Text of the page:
Are we spoiled with the variety and number of outstanding bush camps that are often so far off the beaten track, you get to enjoy them on your own? Here are a few that we just love

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Long Plain Hut, Kosciuszko National Park, NSW

The Long Plain in the Kosciuszko National Park is stunningly beautiful, stretching beyond the horizon. Many of the crystal-clear creeks that trickle across it join the Murrumbidgee River that is born nearby. As damaging as they are, the wild horses are also iconic to this region. The Long Plain is popular with trail riders and many of the huts have areas separate from the main camping area for them to set up.

Long Plain Hut was built as a homestead 1916 by Dr Albert Campbell who owned a few thousand hectares of the Long Plain. Camping inside the hut is only allowed in emergency situations and there is a good-size camping site nearby with a clean drop toilet that is the only facility. Access is via an unsealed road and the track into the hut is tight,
but horse trailers get in, so most caravans will too.

Fires are allowed, bring your wood in, but gas stoves are preferred. The views along the plain from the campsite are breathtaking and there is a lot of exploring to be had with a number of huts, Blue Waterholes and Yarrangobilly Caves all within a short drive of the Long Plain Hut.

 

McKillops Bridge, VIC

McKillops Bridge sits high above the mighty Snowy River. Part of the rugged and remote section of the Snowy River National Park, this is a great place for experienced adventurers to launch canoes and explore the gorges downstream. It is also one of the few places within the park where you can reach the Snowy River by conventional vehicle.

McKillops Bridge is not for the faint hearted or those with large caravans! While it’s rewarding, access is extremely challenging – down one of Victoria’s most precarious roads that is steep, narrow and winding with limited passing areas. The campground is basic with drop toilets, picnic tables and fireplaces (although fuel stoves are preferred).

The campground is sloping. Some sections are worse than others and bollards prevent you from camping next to a picnic table or firepit. Falling asleep listening to the Snowy waters splash against the rocks on its way to the ocean makes this destination a real ripper.

 

Lake Crosby, Pink Lakes, VIC

Located in the southern section of the Murray Sunset National Park, Pink Lakes is an amazing place to explore and easy to get to via an unsealed all-weather road off the Mallee Highway, at Linga. The Lake Crosby campground offers designated campsites with firepits, picnic tables and clean drop toilets; one campsite also has a shelter shed. An added bonus are the showers at nearby Underbool.

The Pink Lakes obtain their striking colour when a single-celled algae called Dunaliella salina produces large quantities of Beta-carotene, a red colouring that also occurs in carrots and oranges. The algae are the only living things that can survive in the harsh salt lakes turning their pinkest after rains and under cloudy skies.

Follow the signs along Pioneer Drive where interpretive boards explain the geology, flora and fauna or historical facts on the 9km drive. Exploring this loop track using pedal power is also an option. If you have a 4WD, use Lake Crosby as a base to allow you to reduce your tyre pressures and explore the sandy tracks of Murray Sunset National Park.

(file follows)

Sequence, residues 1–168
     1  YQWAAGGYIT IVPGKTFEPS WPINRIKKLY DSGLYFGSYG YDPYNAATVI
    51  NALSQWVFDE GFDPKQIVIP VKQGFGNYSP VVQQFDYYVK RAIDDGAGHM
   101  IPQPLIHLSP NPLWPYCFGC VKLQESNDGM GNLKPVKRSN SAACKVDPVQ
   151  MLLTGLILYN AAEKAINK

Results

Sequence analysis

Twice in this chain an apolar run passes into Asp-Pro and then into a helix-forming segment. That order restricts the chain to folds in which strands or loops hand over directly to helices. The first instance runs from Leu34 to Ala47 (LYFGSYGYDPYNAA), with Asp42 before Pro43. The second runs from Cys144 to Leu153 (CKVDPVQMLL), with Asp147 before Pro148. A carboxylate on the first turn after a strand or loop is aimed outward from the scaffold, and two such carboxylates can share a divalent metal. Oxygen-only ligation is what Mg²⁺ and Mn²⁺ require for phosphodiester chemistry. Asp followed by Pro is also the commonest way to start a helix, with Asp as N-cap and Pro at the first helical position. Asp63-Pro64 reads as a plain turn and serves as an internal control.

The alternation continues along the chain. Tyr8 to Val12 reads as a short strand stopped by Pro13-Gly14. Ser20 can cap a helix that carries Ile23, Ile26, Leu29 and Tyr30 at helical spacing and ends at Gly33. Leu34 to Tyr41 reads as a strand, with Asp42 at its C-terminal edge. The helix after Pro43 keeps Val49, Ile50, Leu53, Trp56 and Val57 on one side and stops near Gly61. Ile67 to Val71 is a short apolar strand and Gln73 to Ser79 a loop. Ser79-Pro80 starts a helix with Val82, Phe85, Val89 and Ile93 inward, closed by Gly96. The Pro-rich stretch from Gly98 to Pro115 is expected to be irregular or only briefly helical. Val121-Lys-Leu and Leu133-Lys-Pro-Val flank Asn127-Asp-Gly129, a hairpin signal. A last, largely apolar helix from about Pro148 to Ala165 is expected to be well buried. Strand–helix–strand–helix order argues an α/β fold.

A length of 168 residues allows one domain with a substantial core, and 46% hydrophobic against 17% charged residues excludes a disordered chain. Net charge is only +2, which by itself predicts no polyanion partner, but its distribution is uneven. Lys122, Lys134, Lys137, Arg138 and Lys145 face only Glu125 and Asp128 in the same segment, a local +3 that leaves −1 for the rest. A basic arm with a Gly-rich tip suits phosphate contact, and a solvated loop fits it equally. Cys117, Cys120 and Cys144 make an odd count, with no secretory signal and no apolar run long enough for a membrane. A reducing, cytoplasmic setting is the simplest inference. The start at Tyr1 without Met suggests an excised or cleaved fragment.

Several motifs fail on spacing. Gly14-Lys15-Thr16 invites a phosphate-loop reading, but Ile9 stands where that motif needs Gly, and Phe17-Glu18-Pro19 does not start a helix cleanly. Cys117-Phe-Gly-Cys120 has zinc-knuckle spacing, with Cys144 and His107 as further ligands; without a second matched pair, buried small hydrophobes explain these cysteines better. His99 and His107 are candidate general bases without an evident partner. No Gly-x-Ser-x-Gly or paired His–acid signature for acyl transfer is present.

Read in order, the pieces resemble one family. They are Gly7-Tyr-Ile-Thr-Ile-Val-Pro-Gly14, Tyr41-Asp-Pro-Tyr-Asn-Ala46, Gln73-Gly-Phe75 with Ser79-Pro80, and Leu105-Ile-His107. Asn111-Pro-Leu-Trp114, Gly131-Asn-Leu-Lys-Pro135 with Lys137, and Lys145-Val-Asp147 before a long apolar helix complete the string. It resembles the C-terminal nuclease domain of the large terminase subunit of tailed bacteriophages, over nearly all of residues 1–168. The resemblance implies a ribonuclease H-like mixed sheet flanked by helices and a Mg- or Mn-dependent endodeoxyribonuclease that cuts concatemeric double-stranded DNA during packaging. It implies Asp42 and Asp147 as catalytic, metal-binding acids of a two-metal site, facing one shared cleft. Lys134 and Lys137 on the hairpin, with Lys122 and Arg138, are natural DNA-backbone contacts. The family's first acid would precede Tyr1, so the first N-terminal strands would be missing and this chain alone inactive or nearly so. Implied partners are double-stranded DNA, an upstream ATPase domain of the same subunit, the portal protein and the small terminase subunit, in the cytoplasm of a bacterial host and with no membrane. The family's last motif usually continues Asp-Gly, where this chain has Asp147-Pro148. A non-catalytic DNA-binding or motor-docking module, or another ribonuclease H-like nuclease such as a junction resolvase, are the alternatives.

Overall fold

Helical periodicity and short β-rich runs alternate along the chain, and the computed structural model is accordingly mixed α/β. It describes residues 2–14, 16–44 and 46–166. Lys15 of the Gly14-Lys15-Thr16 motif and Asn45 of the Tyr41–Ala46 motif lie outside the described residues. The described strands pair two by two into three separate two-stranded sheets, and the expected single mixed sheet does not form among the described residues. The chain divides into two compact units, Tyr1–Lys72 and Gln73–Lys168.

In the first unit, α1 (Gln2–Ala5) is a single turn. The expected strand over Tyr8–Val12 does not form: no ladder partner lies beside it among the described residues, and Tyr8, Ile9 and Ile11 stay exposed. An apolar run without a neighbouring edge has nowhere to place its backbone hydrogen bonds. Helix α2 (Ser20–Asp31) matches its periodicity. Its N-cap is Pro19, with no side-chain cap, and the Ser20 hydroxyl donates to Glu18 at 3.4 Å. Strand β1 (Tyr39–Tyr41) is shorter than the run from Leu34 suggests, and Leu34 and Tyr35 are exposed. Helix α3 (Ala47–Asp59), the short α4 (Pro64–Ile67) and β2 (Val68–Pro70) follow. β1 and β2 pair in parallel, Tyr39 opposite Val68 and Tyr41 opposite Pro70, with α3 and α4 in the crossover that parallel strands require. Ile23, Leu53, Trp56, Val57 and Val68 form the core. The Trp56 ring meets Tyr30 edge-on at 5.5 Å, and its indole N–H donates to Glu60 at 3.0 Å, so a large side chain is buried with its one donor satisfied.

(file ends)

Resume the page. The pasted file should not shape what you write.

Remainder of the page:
Edward River, NSW

For superb bush camping, you can’t go past the Edward River campground in the Murray Valley Regional Park. Set on the banks of the picturesque river this free camp is suitable for all types of RV. Dogs are welcome too! There are no designated sites or facilities except for a drop toilet near the entrance to the camping area. Beware of camping under a river gum, they are renowned for dropping limbs.

Throw in a line, there are plenty of great spots to try your luck. Cool off with a refreshing swim or enjoy a relaxing paddle in a canoe there are a number of ways to enjoy the water and the nearby Reed Beds Bird Hide is the best place to view migratory birds. Mathoura is close by with Café 2170 the perfect place for a real coffee and hot breakfast and a couple of pubs to quench your thirst. The Edward River leaves the Murray River at Picnic Point, a popular spot to visit with a flat grassy area, barbecues and tables.

 

Kiata Campground, Little Desert National Park, VIC

Offering up some of the best sand tracks in Victoria, Little Desert National Park punches well above its weight. Once you leave the bitumen and enter the park, it is high-clearance 4WD only due to the deep sandy tracks. Reduce your tyre pressures, switch on your traction control, lock it into low-range and enjoy the fun of first-rate sand driving.

Kiata campground is set among yellow gum and blackbox woodland, and the perfect spot to set up base camp for exploring Little Desert. The turn-off to Kiata is 14km east of Nhill off the Western Highway onto Kiata South Road. It is a bitumen road until the signposted campground access road. Kiata is a welcome free bush camp with a drop toilet, communal fireplaces and picnic facilities. You will need to be self sufficient and take out what you bring in, generators are not permitted.

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